Crisis Diary as it unfolds ….

China conundrum

Here is a great blogpost by Brad Setser explaining China America relationship and how the interests of the two economies are diverging.

Three final observations:

1) The US needs financing, but China also needs markets for its exports. The “balance of financial terror” is such that China cannot reduce its financing of the US without also reducing the market for its exports. That limits China’s options. My own guess is that China is more constrained than in the past, as it presumably doesn’t want to do anything with its reserves that would add to the global slump in demand for Chinese goods. If hot money outflows subside, China will almost certainly need to continue to add to its reserves. And China’s ability to shift its reserves from dollar to the euro is also constrained by its desire to maintain good relations with its European trading partners. Key eurozone countries wouldn’t appreciate a big euro rally right now induced by a surge in Chinese purchases, especially if China maintained its dollar peg during the process.
2) China’s currency has appreciated significantly in real terms even as the pace of its appreciation against the dollar has slowed. That implies more not less friction between the US and China. China was willing to allow the RMB to go up against the dollar when the dollar was going down against other currencies and other countries were snapping up more Chinese goods. Now that the dollar is going up and Chinese exports are going down, China is reluctant to allow the RMB to appreciate at all against the dollar. But the US naturally cares far more about the RMB’s value against the dollar than its value against other currencies.
3) Even though China’s currency has appreciated significantly in real terms recently, most real exchange rate indices put it only a bit above its levels in 2000. The expansion of China’s current account surplus since then – and the huge increase in China’s exports since then — suggests that the RMB remains fundamentally undervalued. Other Aisan countries exports are actually falling faster than China’s exports. But the RMB’s real appreciation clearly came at a less than opportune time. The RMB was weak in real terms when China’s domestic economy was strong, and now it is getting stronger when China’s domestic economy is slowing sharply.

The US — a large deficit country — would benefit in a lot of ways if it could export its way out of trouble. That would also help to bring the world closer to balance. Yet with its own economy slowing sharply, China’s willingness to accept a stronger RMB has likely gone down. Here, US and Chinese interests diverge. Both want to draw on external demand to support their own growth.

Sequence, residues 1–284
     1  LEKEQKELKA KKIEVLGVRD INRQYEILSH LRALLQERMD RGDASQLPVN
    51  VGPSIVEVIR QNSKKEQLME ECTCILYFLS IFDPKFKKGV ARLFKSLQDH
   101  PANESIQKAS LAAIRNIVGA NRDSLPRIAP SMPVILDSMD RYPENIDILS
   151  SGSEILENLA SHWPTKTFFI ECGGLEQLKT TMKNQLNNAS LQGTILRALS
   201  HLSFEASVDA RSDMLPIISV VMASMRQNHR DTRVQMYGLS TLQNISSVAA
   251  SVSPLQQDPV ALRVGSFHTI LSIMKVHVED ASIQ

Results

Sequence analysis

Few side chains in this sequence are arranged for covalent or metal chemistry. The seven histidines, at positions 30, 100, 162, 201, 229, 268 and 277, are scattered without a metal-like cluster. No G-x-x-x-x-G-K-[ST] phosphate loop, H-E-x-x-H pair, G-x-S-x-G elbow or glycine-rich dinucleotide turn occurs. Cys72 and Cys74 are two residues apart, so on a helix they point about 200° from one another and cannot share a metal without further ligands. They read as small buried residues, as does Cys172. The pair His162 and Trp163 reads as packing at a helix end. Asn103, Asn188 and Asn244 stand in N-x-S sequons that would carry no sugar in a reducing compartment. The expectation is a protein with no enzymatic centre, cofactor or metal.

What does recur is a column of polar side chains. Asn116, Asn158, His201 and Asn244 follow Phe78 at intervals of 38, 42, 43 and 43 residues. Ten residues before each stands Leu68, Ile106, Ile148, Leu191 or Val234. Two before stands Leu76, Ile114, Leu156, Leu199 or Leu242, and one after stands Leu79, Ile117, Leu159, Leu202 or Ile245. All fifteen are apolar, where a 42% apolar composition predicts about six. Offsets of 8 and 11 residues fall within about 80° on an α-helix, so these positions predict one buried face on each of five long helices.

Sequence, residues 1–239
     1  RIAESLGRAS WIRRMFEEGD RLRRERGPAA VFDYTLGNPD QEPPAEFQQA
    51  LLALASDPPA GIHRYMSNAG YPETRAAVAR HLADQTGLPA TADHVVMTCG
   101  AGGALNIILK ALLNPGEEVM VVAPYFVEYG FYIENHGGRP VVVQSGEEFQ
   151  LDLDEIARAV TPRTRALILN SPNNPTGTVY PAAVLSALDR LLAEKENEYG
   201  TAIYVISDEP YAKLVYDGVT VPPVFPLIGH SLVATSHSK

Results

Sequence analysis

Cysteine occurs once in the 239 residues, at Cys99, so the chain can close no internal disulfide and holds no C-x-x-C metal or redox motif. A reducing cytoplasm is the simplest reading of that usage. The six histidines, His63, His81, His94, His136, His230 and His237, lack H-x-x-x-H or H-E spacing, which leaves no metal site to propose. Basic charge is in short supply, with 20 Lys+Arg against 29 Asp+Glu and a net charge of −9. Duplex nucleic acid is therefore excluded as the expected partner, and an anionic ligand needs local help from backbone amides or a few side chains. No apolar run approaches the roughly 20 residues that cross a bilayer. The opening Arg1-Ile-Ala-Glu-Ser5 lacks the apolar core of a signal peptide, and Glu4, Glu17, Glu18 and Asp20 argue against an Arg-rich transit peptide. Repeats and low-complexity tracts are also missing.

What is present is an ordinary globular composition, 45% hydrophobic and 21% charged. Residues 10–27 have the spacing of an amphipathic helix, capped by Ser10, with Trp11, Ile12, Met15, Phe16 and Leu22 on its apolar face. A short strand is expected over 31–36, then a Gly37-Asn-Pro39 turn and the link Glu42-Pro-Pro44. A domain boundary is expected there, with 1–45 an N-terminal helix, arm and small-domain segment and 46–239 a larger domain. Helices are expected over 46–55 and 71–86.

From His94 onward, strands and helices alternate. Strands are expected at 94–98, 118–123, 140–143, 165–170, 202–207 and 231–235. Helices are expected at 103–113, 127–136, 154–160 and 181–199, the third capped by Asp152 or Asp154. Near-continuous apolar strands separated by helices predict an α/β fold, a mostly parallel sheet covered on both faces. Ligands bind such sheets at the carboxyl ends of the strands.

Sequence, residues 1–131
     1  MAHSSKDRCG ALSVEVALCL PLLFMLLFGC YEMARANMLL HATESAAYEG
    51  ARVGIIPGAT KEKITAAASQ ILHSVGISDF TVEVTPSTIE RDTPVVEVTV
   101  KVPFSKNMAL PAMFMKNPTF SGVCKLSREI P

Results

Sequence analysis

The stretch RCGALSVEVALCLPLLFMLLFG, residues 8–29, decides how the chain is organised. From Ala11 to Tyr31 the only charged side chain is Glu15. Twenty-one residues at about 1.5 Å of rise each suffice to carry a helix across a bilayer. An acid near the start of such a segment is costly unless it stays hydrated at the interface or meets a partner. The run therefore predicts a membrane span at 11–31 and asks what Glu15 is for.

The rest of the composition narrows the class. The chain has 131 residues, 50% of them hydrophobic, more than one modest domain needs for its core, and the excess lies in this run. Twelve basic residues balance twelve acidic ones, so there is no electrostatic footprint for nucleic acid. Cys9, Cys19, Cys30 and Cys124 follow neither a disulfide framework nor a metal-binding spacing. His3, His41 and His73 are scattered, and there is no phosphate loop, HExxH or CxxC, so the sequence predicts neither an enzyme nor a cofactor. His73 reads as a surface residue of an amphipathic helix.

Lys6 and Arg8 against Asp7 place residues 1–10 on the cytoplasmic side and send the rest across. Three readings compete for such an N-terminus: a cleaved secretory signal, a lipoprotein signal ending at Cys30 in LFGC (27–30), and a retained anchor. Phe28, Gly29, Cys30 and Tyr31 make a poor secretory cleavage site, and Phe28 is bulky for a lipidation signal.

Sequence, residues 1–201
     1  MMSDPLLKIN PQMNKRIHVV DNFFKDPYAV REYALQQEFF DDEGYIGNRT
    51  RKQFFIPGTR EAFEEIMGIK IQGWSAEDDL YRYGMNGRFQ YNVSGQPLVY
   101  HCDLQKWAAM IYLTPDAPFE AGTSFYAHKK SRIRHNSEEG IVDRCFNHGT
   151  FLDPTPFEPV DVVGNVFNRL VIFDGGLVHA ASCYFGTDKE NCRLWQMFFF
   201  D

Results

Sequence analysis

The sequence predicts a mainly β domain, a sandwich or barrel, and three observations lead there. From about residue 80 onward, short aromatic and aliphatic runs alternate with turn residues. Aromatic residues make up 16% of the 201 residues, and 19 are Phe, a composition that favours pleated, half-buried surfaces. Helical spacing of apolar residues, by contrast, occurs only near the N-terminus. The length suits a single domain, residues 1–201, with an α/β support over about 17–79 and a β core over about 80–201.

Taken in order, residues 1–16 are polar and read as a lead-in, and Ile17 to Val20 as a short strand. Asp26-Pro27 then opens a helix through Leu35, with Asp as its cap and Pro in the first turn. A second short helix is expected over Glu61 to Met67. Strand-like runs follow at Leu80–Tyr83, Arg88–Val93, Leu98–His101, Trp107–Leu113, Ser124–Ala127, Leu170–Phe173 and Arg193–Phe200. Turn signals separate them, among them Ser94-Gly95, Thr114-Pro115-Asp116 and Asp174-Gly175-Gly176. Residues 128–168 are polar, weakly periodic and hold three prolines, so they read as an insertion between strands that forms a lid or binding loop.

Fortunately it is a littler harder to see why China would think that a major fiscal stimulus isn’t in its interests …


January 25, 2009 Posted by | Crisis Snapshot | , , | Leave a comment

Ouch, professor!

Dr. Krugman finally took on all conservative economists in one sweep.

What’s been disturbing, however, is the parade of first-rate economists making totally non-serious arguments against fiscal expansion. You’ve got John Taylor arguing for permanent tax cuts as a response to temporary shocks, apparently oblivious to the logical problems. You’ve got John Cochrane going all Andrew-Mellon-liquidationist on us. You’ve got Eugene Fama reinventing the long-discredited Treasury View. You’ve got Gary Becker apparently unaware that monetary policy has hit the zero lower bound. And you’ve got Greg Mankiw — well, I don’t know what Greg actually believes, he just seems to be approvingly linking to anyone opposed to stimulus, regardless of the quality of their argument.


Dr. Mankiw responded here.

Meanwhile, it’s getting really ugly out there in economic environment. In sudden change of weather, sky is all covered with dark clouds, as if heavy pouring is going to start any minute.
I’m getting really really bad feeling that something sinister is about to happen.

January 19, 2009 Posted by | Uncategorized | , , | Leave a comment

12-Jan-09 to 18-Jan-09: Oh, no…not again!

Please, oh good Lord, please have some mercy! This is how Mr. Helicopter Ben is praying these days.
Imagine this. Ben is sitting at the Fed window (yes, the same window which he opened for every crook on the street last year) and CEOs of AIG, Big-3, Citi, BofA, WF et al are waiting in the queue for their turn. Everybody takes his turn, gulps down few billions of taxpayers’ money and goes back to stand at the end of the queue waiting for his next turn. The line never ends. Ben is printing money which evaporates at a rate faster than the rate at which any Obama-supporting group fills up on facebook. And where does this money go? Mostly in further writedowns and in executive compensations aka retention bonuses.